U-M Scientists Help Build Next-Generation Dark Energy Probe
The University of Michigan has signed on to be a major player in a new instrument that aims to help answer a burning scientific question: Why is the expansion of the universe accelerating? Cosmologists suspect a mysterious property called dark energy. Although it is thought to comprise 75 percent of the universe, its nature and the physics behind it are still a mystery.
The Dark Energy Spectroscopic Instrument (DESI) will address this mystery by creating a high-definition, 3-D map of a swath of the universe going back 10 billion light-years. By exploring how structure in the universe has evolved through time, scientists hope to uncover the tug-of-war between the forces of gravity and dark energy (see Testing for Dark Energy).
U-M was chosen to build a major system for this Department of Energy (DoE) project, and seven faculty members from the Departments of Physics and Astronomy have committed to support the project in related areas such as software development, survey planning, data distribution, and simulation work. They also plan to do ground-breaking science when DESI sees first light in 2018.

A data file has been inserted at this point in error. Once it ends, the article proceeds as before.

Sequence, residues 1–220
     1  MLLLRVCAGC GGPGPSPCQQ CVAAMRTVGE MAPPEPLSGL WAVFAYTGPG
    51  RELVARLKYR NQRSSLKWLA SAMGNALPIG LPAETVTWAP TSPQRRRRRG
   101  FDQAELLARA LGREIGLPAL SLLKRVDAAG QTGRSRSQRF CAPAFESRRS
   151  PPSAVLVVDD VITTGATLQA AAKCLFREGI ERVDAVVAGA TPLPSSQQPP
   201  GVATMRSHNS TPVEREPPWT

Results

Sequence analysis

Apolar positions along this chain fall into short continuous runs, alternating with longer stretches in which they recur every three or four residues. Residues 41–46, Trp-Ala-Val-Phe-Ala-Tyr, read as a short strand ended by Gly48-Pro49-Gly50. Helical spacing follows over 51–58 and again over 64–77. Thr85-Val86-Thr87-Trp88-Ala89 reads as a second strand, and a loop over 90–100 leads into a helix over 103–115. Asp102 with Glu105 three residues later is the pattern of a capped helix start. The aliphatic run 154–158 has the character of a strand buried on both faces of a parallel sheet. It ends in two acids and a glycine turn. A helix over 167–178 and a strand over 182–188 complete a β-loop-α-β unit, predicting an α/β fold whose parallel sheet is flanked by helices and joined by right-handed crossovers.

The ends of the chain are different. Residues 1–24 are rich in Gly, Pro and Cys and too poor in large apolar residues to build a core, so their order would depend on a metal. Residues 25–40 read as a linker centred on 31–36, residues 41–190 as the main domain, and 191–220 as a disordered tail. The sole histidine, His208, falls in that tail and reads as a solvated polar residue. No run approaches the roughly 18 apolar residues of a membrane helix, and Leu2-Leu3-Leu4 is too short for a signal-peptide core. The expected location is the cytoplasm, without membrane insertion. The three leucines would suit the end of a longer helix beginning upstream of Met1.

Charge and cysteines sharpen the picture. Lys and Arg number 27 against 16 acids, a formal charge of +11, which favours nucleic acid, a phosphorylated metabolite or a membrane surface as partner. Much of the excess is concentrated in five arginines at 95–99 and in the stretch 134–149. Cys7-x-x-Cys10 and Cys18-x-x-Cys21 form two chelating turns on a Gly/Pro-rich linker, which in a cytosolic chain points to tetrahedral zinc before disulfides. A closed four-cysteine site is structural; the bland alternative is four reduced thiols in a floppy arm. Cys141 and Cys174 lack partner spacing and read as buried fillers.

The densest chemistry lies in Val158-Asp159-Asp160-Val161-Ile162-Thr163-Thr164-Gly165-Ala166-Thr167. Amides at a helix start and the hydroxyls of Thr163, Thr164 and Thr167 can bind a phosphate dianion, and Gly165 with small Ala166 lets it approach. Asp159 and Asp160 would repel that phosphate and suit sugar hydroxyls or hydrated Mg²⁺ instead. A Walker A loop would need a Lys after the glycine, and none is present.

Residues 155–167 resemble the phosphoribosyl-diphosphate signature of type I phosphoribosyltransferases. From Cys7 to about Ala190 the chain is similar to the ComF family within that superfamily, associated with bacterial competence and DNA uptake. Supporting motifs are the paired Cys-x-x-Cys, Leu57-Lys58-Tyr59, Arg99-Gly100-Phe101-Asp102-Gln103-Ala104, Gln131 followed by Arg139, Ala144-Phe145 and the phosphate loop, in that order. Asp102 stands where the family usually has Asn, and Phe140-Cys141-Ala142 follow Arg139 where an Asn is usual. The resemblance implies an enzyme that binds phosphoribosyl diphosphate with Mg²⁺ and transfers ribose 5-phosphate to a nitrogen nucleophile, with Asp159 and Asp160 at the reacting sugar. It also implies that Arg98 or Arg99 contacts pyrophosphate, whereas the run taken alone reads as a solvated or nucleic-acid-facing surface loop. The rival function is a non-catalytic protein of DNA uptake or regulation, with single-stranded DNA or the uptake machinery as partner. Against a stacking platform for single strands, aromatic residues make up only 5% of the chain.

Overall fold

The instrument itself is a giant prism-like camera that will sit within the Mayall 4-meter Telescope at Kitt Peak National Observatory in Arizona (see image above). It will contain 5,000 optical fibers, each of which can be pointed at an individual galaxy, thanks to the unique positioning system U-M was chosen to develop.